So, in a scenario in which everyone either rides a bike or drives an electric vehicle (a utopia for many advocates), the FOS money would run dry fast. That’s where the city’s Pricing Options for Equitable Mobility (POEM) effort comes in. Or, was supposed to come in. Launched in 2019 and adopted by City Council in 2021, the POEM Task Force outlined several ways PBOT could raise revenue. Unfortunately, the recommendations of the task force have yet to move forward.
One new fee PBOT has begun to collect (which wasn’t technically part of POEM) is a new parking fee that was created out of desperation following a massive decline in drivers filling meters during the pandemic. But that fee is estimated to collect just $2 million, a drop in the bucket.
The backlog is as bad as it’s ever been. We have less money than ever. And the morale at PBOT’s Maintenance Operations division is at its nadir.
It feels like PBOT and City Hall’s courage to implement the new revenue ideas from the POEM plan is diluted by their fear of losing out on the car-based, cash cow, status quo. But the sooner we rip off the band-aid, the sooner we can heal our streets and our budget.
In the short-term, we must get PBOT’s Maintenance Operations group on better footing. This has nothing to do with a lack of funding and it goes beyond looming threats of a strike. We’ve recently heard about a lack of trust between staff and leadership, a dysfunctional institutional culture, and eye-popping staff turnover rates. This constant reshuffling of staff is very disruptive to work crews and their programs, and leads to less work getting done. Our fingers are crossed that new Maintenance Operations Director Jody Yates, who was hired in February, can right the ship.
We also must charge people more to use our streets. With inflation and income inequality at all-time highs, and with transportation not even being on the political radar in Portland these days, that will be a tough pill to swallow.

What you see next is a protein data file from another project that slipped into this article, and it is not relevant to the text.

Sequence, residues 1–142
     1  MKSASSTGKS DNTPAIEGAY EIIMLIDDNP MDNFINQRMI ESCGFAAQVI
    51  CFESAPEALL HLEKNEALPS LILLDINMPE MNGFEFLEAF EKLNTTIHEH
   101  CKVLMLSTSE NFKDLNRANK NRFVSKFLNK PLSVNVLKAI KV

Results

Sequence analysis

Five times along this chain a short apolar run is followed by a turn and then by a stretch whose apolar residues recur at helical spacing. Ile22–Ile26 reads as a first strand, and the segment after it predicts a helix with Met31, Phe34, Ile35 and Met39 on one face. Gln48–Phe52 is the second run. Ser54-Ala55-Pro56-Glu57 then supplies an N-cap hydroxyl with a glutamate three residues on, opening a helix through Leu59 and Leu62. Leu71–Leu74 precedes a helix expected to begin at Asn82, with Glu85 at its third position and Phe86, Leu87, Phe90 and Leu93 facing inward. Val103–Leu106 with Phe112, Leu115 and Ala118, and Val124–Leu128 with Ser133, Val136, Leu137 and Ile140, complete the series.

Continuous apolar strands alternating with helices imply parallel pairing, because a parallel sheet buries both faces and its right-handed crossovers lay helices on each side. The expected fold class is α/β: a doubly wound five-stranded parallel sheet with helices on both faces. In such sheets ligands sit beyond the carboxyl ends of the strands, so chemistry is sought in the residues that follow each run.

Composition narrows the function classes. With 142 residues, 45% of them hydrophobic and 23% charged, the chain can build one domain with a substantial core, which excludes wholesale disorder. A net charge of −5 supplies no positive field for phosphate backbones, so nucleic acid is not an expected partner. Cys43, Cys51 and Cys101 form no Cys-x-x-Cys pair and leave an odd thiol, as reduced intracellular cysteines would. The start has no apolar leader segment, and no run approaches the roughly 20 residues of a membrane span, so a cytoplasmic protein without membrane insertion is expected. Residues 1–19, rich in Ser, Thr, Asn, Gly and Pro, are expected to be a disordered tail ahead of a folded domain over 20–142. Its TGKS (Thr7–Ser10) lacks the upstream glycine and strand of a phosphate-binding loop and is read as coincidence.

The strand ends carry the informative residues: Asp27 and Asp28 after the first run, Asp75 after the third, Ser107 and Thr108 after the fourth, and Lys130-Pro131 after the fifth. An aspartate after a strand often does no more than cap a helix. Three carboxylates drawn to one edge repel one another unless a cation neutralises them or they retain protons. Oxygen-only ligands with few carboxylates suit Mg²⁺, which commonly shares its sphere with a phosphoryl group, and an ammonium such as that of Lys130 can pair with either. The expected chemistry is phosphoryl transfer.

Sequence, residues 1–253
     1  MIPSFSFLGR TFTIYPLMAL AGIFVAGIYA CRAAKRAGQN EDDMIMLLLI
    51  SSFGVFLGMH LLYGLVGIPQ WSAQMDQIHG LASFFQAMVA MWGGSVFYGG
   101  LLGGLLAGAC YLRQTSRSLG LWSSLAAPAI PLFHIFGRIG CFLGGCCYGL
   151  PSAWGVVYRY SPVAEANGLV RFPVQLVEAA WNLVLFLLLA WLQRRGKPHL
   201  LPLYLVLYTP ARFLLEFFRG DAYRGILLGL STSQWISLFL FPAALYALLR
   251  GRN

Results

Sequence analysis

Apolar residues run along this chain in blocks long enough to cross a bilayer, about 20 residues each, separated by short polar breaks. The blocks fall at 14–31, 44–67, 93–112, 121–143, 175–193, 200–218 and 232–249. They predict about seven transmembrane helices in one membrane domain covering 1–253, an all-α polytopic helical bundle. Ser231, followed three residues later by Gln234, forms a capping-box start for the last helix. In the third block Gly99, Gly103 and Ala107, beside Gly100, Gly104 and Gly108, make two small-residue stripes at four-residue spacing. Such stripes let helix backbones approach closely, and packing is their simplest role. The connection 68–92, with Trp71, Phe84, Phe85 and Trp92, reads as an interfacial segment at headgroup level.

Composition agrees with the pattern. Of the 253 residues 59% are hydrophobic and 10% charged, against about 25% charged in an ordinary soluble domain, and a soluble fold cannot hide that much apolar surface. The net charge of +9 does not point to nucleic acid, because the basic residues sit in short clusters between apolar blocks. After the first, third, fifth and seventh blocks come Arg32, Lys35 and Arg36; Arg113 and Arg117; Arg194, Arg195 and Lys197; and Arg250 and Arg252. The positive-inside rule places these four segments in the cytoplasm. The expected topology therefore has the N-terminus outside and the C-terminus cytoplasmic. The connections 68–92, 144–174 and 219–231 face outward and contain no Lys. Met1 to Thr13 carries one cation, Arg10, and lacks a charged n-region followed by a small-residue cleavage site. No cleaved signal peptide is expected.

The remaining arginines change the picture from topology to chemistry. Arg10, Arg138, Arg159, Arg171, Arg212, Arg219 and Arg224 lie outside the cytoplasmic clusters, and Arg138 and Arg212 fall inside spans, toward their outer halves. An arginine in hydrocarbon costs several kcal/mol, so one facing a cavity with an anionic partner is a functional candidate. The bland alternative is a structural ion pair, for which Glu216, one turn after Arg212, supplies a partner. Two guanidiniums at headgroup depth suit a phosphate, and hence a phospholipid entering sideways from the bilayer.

To make it easier to swallow, we should consider a different the narrative around the issue. Our goal shouldn’t be to raise more money to do more maintenance; the goal should be to do less maintenance. The situation is unsustainable not because we lack funding, but because we are living above our means. We spend too much money fixing damage from vehicles that we can’t afford to support any longer, and we don’t do enough to make things we can support — like biking, walking, and taking transit — viable options.
Portland has a long legacy of supporting carfree spaces. Former Mayor Vera Katz declared September 14, 2004 as “Portland Car-free Day.” In 2008 we hosted the international Towards Carfree Cities Conference. And even the recent POEM initiative had, “Our system today over-prioritizes cars” as one of its foundational principles. But despite years of rhetoric and advocacy we still haven’t fully embraced the idea of permanent carfree streets, despite the fact that every time we dip our toe in the water — with programs like Sunday Parkways or recent plaza and public safety projects — it feels good.
We need more attention on the problems we face today and the political will to do things differently tomorrow. The maintenance backlog excuse should not be the end of the conversation — it should be the start of a new one.